How do you know

Switching programs, coaches, or teams can be a difficult time. There are many emotions that can go through not only the athlete’s mind, but also the parents. Many times the athlete doesn’t know leaving is an option, other times they don’t want to leave, and then there are those who think the grass is always greener on the other side. Although we truly will never know what is on the other side until we try, how do we know when it is time to go?

When I was 14 I trained at a gym in Fort Lauderdale. I had been with the same coach and gym since I started gymnastics. He taught me EVERYTHING. He molded me into a tough, strong, and accomplished athlete. He brought me from a beginner all the way through to Elite.

All of my childhood memories were from that gym. We did Christmas parades, mall shows, team parties to Disney, 9-5 Summer workouts, we ran in the hot south Florida sun, had slumber parties, and learned a lot of gymnastics. Our gym was one of the leading gyms in Florida at that time, and I loved everything about it.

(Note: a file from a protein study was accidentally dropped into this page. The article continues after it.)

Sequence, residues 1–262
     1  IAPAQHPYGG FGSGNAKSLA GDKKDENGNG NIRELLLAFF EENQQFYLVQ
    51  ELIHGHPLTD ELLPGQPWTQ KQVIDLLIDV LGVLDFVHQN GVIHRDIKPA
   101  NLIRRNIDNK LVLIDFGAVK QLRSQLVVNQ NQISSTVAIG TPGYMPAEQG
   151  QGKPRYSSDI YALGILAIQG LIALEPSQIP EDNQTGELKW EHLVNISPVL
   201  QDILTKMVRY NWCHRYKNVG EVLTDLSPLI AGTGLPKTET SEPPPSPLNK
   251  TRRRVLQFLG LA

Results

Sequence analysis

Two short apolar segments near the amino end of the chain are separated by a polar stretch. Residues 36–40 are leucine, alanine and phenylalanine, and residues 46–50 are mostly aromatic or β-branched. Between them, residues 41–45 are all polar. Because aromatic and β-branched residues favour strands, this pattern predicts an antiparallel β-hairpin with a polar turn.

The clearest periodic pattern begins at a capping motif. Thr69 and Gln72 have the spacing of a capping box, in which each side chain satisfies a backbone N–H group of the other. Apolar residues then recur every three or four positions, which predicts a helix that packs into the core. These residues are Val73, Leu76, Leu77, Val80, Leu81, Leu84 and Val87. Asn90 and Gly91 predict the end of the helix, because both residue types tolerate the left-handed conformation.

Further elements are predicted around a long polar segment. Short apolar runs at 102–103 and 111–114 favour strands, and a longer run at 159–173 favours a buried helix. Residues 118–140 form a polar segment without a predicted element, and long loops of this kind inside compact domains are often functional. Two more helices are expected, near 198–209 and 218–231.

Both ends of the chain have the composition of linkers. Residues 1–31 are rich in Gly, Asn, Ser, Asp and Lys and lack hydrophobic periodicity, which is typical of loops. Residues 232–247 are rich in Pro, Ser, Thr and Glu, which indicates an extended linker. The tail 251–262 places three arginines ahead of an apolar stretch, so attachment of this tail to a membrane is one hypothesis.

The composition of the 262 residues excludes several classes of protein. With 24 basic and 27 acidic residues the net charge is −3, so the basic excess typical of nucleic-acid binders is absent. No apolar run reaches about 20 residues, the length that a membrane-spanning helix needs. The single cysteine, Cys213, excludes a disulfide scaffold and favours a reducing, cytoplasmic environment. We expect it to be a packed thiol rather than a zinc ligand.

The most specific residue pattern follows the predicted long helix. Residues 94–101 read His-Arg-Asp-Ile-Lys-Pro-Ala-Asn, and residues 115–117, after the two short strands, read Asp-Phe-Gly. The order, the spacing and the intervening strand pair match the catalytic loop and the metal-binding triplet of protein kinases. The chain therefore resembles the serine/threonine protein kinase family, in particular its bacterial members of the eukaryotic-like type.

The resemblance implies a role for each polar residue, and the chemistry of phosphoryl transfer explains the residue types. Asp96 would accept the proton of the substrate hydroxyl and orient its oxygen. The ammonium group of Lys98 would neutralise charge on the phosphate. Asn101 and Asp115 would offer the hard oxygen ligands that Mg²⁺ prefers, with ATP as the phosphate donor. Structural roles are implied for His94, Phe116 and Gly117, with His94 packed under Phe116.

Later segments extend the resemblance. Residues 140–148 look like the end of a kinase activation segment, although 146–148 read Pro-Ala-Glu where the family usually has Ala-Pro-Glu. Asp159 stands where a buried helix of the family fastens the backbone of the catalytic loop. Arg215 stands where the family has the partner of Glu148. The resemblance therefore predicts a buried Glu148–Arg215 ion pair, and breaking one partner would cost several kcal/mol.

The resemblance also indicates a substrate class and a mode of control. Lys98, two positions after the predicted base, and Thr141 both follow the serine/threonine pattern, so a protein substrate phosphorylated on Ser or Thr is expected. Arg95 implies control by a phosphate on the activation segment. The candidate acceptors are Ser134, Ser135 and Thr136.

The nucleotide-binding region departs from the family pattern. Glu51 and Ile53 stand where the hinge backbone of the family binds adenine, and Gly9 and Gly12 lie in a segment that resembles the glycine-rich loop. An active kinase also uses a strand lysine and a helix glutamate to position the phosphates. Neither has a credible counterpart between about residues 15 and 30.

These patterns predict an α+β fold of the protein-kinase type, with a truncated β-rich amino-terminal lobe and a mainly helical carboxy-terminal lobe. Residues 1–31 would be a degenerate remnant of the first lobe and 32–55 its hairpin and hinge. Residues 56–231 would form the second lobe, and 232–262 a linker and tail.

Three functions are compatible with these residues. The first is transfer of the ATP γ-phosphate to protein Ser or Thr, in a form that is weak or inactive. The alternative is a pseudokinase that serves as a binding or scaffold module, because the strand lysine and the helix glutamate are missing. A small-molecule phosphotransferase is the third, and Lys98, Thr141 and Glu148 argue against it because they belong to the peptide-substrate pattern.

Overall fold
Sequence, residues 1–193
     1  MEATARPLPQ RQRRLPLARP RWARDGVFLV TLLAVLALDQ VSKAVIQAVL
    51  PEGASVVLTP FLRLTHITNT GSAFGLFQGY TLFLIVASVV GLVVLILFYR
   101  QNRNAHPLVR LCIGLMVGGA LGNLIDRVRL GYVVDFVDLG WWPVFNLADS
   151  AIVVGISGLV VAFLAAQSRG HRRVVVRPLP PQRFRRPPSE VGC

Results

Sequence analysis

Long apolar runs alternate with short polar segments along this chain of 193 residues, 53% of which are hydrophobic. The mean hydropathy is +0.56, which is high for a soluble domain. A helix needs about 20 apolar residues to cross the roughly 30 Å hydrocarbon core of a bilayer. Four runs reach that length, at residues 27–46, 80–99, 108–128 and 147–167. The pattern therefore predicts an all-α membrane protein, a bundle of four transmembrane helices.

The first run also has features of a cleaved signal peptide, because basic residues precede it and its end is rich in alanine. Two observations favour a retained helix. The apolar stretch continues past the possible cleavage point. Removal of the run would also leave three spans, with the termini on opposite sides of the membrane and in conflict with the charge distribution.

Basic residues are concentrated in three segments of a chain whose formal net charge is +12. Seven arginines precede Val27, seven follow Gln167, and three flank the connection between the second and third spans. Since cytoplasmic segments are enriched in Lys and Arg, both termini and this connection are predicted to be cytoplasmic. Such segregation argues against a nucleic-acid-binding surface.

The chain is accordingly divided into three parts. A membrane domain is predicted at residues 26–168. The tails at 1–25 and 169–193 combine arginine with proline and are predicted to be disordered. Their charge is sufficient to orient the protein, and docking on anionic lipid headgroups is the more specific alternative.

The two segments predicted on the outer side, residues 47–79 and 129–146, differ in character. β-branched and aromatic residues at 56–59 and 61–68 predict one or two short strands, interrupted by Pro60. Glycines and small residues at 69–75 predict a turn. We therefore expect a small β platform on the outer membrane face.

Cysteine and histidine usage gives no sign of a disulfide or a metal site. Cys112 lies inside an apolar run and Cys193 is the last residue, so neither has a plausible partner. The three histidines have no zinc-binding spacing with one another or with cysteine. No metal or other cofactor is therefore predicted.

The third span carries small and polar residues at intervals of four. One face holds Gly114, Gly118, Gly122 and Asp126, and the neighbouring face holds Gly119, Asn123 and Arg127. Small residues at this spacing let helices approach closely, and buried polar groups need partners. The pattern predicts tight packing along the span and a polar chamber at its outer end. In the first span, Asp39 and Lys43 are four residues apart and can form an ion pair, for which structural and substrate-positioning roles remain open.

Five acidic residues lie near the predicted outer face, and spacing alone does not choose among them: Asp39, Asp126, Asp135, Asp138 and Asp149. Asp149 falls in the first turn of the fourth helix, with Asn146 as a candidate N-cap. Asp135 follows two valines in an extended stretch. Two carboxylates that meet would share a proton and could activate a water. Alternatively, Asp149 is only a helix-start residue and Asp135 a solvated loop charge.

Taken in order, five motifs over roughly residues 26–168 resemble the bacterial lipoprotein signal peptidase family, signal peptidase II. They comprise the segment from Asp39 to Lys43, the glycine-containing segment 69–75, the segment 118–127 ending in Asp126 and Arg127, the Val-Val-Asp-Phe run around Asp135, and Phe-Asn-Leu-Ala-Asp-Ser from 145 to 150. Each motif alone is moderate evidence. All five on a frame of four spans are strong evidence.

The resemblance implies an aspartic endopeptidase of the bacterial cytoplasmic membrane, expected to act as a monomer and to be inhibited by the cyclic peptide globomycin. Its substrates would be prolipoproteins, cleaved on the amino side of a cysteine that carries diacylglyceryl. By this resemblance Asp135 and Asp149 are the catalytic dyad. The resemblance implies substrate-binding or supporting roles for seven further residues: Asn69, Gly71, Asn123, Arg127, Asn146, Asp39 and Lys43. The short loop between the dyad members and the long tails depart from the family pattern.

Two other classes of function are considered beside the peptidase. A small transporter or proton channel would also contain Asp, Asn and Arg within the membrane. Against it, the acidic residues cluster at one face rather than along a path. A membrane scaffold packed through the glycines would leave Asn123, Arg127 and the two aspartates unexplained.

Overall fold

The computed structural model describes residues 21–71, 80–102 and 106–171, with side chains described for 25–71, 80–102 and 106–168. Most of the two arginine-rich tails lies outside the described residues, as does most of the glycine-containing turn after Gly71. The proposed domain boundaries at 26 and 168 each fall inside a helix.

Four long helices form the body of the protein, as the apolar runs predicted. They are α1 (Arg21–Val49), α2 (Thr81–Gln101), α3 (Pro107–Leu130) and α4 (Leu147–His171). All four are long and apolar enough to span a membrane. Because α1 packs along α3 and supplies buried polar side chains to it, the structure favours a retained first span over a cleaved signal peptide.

As time went on, I grew older and things started to change. My relationship with my coach was different. He still treated and trained me like he did when I was young. I was 14, and we knew our journey together had come to an end. He and I just didn’t work anymore. It wasn’t him, It wasn’t me: it was just our relationship had run its course.

I didn’t seem to respond to his coaching and he didn’t know how to change his coaching techniques. I knew it was time for me to move on. It was sad and painful, and the hardest decisions of my life, but I knew I needed to go.

The relationship between a coach and an athlete is sacred. The athlete must have respect, trust, and believe the coach will help them achieve their goals. In order for the athlete to perform up to their full potential, the coach must know the athlete’s full potential and how to get it out of them. Coaches and athletes have different types of personalities and not every coach will be the right fit for every athlete. I am sure if the athlete feels tension, so does the coach.